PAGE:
Laughter is the brush that sweeps away the cobwebs of your heart.

Mort Walker

 

Addison Morton Walker (born September 3, 1923), popularly known as Mort Walker, is an American comic artist best known for creating the newspaper comic strips Beetle Bailey in 1950, and Hi and Lois in 1954.

Born in El Dorado, Kansas, he grew up in Kansas City, Missouri. He had his first comic published at age 11, and sold his first cartoon at 12. At 15, he worked as a comic-strip artist for a daily newspaper, and by 18 became chief editorial designer at Hall Brothers. Graduating from Northeast High School, he attended the University of Missouri, where today a life-sized bronze statue of Beetle Bailey stands in front of the alumni center.

In 1943, Walker was drafted into the United States Army and served in Europe during World War II. He was discharged as a first lieutenant in 1947. He graduated from the University of Missouri in 1948, having been president of the local Kappa Sigma chapter.[1] He then went to New York to pursue a career in cartooning. His first 200 cartoons were rejected, but he slowly gained recognition for his talent. His break came with Beetle Bailey, followed by Hi and Lois. Other comic strips he created include Boner’s Ark, Gamin & Patches, Mrs. Fitz’s Flats, The Evermores, Sam’s Strip and Sam & Silo (the last two with Jerry Dumas).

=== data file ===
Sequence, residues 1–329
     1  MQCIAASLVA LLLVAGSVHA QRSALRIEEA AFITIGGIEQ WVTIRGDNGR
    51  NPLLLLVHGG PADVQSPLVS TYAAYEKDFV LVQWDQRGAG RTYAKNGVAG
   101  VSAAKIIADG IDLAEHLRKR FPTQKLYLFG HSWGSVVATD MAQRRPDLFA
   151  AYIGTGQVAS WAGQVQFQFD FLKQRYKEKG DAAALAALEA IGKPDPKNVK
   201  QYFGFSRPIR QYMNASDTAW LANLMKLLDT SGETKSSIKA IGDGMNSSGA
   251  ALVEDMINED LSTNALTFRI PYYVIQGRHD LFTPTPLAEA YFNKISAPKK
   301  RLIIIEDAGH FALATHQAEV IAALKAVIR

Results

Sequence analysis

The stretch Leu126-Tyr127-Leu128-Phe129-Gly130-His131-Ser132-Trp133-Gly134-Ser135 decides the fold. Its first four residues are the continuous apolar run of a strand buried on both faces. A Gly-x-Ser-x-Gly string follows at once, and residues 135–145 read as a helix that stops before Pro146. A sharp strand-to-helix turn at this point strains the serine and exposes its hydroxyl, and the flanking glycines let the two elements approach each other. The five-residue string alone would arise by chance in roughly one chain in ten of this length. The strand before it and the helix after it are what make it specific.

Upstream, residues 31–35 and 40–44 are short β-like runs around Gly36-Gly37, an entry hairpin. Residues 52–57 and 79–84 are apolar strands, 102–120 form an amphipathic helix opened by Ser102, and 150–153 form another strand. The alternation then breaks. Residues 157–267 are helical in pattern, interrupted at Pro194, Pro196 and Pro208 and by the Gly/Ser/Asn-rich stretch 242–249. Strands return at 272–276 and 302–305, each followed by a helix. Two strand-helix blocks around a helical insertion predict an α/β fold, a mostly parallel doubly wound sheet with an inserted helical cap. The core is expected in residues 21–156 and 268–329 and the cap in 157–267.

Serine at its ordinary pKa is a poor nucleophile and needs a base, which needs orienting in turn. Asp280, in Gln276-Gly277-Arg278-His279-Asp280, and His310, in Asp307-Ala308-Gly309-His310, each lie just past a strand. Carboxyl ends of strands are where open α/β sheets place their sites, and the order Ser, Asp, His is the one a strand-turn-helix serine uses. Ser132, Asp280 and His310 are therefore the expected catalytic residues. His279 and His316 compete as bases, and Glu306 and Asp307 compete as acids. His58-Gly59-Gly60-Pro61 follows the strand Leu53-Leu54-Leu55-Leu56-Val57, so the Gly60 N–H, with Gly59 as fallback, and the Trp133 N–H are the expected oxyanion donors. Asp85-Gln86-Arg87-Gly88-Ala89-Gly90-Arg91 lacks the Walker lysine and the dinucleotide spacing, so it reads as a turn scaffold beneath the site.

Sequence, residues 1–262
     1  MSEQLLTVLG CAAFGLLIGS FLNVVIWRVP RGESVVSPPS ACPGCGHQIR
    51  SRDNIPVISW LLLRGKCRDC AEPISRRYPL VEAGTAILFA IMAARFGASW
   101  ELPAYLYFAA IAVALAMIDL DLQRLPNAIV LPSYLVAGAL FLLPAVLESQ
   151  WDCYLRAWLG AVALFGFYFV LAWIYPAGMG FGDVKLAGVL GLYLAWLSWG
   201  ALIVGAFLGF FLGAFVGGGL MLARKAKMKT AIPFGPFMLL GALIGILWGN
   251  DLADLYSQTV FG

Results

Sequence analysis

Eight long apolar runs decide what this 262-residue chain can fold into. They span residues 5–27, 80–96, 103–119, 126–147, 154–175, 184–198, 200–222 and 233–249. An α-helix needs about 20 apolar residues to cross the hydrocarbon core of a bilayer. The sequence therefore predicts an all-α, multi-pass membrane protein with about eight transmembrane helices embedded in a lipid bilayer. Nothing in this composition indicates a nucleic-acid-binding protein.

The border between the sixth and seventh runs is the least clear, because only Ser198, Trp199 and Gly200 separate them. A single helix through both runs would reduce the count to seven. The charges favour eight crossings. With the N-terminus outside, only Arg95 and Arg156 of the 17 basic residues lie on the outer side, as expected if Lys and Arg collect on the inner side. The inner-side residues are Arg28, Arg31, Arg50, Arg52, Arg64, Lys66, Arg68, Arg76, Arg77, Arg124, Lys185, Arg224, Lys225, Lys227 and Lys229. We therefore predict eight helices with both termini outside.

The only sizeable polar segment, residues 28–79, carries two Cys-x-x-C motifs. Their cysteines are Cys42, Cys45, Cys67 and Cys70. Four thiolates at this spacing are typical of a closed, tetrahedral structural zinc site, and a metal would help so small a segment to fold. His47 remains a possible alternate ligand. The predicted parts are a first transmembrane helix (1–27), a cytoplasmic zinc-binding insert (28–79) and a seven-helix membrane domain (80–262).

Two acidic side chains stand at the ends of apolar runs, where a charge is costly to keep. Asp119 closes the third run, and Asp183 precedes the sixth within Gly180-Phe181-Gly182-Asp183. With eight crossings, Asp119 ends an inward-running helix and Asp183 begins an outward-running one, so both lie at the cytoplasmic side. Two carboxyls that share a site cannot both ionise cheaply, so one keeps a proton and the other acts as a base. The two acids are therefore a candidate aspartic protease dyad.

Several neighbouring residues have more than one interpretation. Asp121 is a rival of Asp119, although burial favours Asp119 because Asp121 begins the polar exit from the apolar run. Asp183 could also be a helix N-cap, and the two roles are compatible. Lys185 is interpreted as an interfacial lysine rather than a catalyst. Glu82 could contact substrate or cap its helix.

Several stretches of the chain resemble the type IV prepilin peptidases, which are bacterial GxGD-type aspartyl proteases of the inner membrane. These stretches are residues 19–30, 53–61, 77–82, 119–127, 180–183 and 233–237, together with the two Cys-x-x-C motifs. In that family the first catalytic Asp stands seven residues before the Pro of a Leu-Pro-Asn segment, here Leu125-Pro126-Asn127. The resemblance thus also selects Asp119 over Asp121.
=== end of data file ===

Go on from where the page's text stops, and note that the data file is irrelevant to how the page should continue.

After more than 50 years in the business, Walker still supervises the daily work at his studio, which employs six of his children. He is one of the longest-drawing cartoonists in history.

In 1974, he founded the National Cartoon Museum, and in 1989 was inducted into its Museum of Cartoon Art Hall of Fame. He received the Reuben Award of 1953 for Beetle Bailey, the National Cartoonist Society Humor Strip Award for 1966 and 1969, the Gold T-Square Award in 1999, the Elzie Segar Award for 1977 and 1999, and numerous other awards for his work and dedication.

In his book The Lexicon of Comicana (1980), written as a satirical look at the devices cartoonists use, Walker invented a vocabulary called Symbolia. For example, Walker coined the term “squeans” to describe the starbusts and little circles that appear around a cartoon’s head to indicate intoxication. The typographical symbols that stand for profanities, which appear in dialogue balloons in the place of actual dialogue, Walker called “grawlixes.”

He recently created the free monthly newsletter, “The Best of Times”. It incorporates various “helpful hints” articles along with an array of comics. While he is overseer of the project, he is assisted by his son, Neal Walker, who formats the newsletter.

http://en.wikipedia.org/wiki/Mort_Walker

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